• MBA in Strategic & Economic Business Management from Fundação GetúlioVargas (FGV) and Ohio University in the U.S.


Co-founder and CTO at Widbook

Early career

• More than 13 years of experience as web developer and project manager

• Was the chief systems architect of e-Commerce of Fnac Brasil ( and was responsible for its entire system development and support team.

• He participated in the official process of implementation and assessment of the CMMi methodology and was responsible for the study and implementation of several other technologies in others companies.

What’s the startup scene like in Brazil?

The company is based in Brazil, but plans a move to the U.S. in the future. The platform is virtual and has a presence in over 200 countries worldwide (with 60 percent of its users from the U.S.). The startup scene in Brazil is fairly new compared to the U.S. but it’s growing quickly. The government is starting to offer programs to support startups and lots of well-known events, like TED Global and the MIT Global Startup Workshop, are coming to Brazil.

What problem do you solve?

The publishing industry receives hundreds of thousands of manuscripts/book submissions each year and only a small fraction are reviewed, and even fewer accepted. Widbook offers members the opportunity to bypass the publishing house and publish their work quickly easily (while also getting valuable feedback from other members).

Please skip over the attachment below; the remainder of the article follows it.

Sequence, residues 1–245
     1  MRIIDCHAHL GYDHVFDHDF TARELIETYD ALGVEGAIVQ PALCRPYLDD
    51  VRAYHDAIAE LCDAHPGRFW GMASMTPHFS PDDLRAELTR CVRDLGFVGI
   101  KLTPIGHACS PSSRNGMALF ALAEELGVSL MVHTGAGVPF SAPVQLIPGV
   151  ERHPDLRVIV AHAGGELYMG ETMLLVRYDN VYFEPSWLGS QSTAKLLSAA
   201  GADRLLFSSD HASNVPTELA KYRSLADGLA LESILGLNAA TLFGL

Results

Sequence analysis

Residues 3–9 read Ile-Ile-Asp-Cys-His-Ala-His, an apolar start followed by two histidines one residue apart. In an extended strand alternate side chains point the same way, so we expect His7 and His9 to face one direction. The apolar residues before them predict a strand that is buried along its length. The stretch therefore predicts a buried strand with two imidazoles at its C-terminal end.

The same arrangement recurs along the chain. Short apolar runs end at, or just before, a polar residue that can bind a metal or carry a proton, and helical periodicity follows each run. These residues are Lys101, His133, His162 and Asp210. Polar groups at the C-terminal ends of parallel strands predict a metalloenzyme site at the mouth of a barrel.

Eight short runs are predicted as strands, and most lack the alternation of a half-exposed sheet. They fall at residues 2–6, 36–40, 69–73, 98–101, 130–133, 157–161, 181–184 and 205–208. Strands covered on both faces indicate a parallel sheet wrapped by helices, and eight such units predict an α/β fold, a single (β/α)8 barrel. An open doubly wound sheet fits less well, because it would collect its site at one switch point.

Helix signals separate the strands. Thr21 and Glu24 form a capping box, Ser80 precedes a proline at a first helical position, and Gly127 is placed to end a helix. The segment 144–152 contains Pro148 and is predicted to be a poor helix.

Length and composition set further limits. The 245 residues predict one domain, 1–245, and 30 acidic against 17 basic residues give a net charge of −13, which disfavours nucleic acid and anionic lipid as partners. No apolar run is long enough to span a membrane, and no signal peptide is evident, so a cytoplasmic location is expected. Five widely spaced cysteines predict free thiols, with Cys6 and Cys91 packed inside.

Why now?

The ebook industry is positioned to expand beyond the print book market by 2017 (driving $8.2 billion in sales by then). Widbook wants to offer more than just a platform for self-publishing; it wants to be the place where people go to read and write ebooks for free and collaborate and network with other members.

What are some of the milestones your startup has already reached?

Dec. 2012 – Investments secured by W7 Brazil Capital

Feb. 2013 – Widbook 2.0 released

May 2013 – Widbook team attended NYC’s Book Expo America

June 2013 – Widbook CEO attended START Series event START SF (an invite-only gathering of 150 early stage startups and entrepreneurs)

July 2013 – 30,000 members reached

What are your next milestones?

The iOS app is in the works and set to be released soon (Android app is already available for download), and we hope to be at 50,000 members in the very near future.

Where can people find out more?

Widbook on Facebook

 Read this: How to nail your next VC Pitch


Brazilian Entrepreneur Leaves Finance World To Launch Art Startup [video][Disrupt]

NailOnWall,Brazilian Startup,startup interview,TechCrunch DisruptLuca Parise was working at a nice cush job in Sao Paulo Brazil for FRAM Capital, an investment management firm, when he decided to launch his own startup in the art world.